a. Unacceptable behavior disciplinary action may be taken as a result of any behavior which is disruptive or which violates the rights of others. The following acts are examples of unacceptable behavior and subject to disciplinary action in all Manabu schools, at school bus stops, on the school buses and at school sponsored activities. School sponsored activities include, but are not limited to, co-curricular events, field trips, and club activities.  The listing of minimum actions does not imply or require that a “step-by-step” progression of increasing severity be employed by an administrator in dealing with a violation. However, there shall be a relationship between the severity of the offense and the administrative action.
1.  Violation Against Persons a. Fighting Mutual combat in which all parties have contributed to the situation by verbal and/or physical action. Minimum Action: Student conference and parent/guardian contact. Maximum Action: Expulsion or exclusion.
a. Harassment Participating in, or conspiring for others to engage in acts that injure, degrade, or disgrace other individuals. Minimum Action: Student conference and parent/guardian contact. Maximum Action: Expulsion or exclusion.
 b. Sexual, Racial and Religious Harassment and Violence Sexual, racial and religious harassment and violence. Minimum Action: Student conference, parent/guardian contact, and referral to the Manabu School District’s Human Rights Officers. Maximum Action: Expulsion or exclusion.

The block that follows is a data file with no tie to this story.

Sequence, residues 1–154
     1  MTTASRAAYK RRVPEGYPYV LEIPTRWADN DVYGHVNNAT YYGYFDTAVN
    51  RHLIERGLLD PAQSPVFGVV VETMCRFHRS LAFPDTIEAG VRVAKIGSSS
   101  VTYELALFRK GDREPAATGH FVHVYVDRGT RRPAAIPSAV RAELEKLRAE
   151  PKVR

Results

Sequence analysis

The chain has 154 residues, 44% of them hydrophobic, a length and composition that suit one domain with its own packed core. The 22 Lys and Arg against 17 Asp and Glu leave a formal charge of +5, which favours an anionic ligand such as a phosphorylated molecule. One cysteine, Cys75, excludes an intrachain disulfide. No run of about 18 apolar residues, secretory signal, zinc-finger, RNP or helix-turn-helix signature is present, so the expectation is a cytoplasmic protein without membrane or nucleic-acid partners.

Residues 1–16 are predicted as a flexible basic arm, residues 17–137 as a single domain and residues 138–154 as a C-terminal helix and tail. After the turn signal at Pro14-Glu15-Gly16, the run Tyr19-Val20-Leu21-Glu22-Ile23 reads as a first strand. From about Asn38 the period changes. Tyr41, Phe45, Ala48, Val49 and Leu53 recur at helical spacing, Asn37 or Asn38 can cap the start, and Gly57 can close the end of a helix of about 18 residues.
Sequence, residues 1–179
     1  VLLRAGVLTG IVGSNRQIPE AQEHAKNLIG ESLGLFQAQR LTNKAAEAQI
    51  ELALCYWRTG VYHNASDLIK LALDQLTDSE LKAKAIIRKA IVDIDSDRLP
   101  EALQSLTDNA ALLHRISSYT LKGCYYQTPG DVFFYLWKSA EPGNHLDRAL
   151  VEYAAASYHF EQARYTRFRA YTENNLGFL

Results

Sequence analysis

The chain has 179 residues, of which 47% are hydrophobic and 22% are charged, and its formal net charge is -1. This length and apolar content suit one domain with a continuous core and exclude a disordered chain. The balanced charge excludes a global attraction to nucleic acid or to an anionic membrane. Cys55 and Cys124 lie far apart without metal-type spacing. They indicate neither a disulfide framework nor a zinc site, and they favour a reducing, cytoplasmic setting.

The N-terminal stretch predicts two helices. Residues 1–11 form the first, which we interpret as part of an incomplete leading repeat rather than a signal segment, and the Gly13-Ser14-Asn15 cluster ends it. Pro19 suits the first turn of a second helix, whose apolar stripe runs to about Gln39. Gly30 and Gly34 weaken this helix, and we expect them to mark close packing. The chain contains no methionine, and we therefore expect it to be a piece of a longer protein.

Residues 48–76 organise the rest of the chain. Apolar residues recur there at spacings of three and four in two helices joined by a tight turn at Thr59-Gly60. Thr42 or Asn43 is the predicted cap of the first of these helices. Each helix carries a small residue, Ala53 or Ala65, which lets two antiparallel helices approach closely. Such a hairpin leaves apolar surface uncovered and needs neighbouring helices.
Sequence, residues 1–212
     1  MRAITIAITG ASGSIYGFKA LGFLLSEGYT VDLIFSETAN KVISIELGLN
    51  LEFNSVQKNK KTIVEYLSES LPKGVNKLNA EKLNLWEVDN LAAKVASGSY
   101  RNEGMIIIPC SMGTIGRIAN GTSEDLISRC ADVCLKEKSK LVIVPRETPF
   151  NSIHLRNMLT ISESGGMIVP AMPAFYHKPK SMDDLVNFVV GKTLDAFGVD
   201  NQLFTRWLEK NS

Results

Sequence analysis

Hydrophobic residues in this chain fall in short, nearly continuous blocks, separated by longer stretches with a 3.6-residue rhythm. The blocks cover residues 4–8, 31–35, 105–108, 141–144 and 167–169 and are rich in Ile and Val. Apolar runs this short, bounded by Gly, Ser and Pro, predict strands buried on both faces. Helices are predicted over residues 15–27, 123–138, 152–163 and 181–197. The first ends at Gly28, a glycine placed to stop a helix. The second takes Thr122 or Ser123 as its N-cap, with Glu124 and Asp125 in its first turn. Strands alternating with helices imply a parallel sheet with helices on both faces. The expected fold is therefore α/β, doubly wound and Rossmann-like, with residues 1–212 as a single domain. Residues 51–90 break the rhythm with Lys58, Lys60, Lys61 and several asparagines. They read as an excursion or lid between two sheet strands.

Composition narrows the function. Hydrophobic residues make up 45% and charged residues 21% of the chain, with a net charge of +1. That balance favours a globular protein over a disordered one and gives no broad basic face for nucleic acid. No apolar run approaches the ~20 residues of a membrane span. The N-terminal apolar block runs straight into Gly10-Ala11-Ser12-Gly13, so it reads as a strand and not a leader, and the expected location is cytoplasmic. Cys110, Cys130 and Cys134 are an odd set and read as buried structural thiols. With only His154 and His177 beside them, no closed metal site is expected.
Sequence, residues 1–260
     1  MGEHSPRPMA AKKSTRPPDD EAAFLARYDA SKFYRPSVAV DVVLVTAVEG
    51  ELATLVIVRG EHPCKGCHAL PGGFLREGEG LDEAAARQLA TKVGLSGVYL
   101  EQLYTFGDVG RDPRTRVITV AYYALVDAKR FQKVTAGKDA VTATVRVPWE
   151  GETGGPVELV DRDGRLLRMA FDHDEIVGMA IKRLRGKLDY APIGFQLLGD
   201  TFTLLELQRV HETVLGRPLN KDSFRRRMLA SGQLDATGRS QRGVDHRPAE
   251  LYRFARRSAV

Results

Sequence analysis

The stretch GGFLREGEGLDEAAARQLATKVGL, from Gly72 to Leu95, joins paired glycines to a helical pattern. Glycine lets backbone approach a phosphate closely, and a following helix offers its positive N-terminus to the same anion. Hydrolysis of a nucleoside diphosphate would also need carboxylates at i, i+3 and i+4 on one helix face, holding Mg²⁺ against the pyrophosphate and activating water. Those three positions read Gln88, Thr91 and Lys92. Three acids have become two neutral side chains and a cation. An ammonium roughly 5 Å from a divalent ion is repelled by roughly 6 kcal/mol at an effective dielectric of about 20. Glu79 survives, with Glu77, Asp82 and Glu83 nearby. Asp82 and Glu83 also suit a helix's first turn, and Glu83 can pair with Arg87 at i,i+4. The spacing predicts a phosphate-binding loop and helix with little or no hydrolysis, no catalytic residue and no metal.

c. Bullying “Bullying” means repeated behavior by an individual student, an individual student within a group of students, or group of students that is intended to cause the victim(s) to feel frightened, threatened, intimidated, humiliated, shamed, disgraced, ostracized, or physically abused. Bullying implies an imbalance in power or strength in which the student being bullied has difficulty defending him or herself. Bullying can take many forms, including physical, verbal, and social/relational and/or cyber bullying. Minimum Action: Student conference and parent/guardian contact. Maximum Action: Expulsion or exclusion. e. Abusive/Inappropriate Language
(1)  Disrespectful language to others.
(2)  Threatening language to others. Minimum Action: Student conference and parent/guardian contact. Maximum Action: Expulsion or exclusion.
d. Interference/Obstruction Any intentional action taken to attempt to prevent a staff member from exercising his/her lawfully assigned duties.
Manabu School Student Code of Conduct Example 3 Minimum Action: Student conference and parent/guardian contact. Maximum Action: Expulsion or exclusion.
e. Possession of a Firearm Minimum Action: Immediate suspension, notification of law enforcement agency. Maximum Action: Expulsion or exclusion.
 f. Possession of a Weapon Other than a Firearm Which Could Cause Harm Minimum Action: Student conference, parent/guardian contact and possible notification of police. Maximum Action: Expulsion or exclusion.
 g. Possession of a Weapon Facsimile Minimum Action: Student conference, parent/guardian contact and possible notification of police. Maximum Action: Expulsion or exclusion.
 h. Assault “Assault” is doing an act with intent to cause fear in another of immediate bodily harm or death or intentionally inflicting or attempting to inflict bodily harm upon another. Minimum Action: Student conference, parent/guardian contact, and possible notification of police. Maximum Action: Expulsion or exclusion.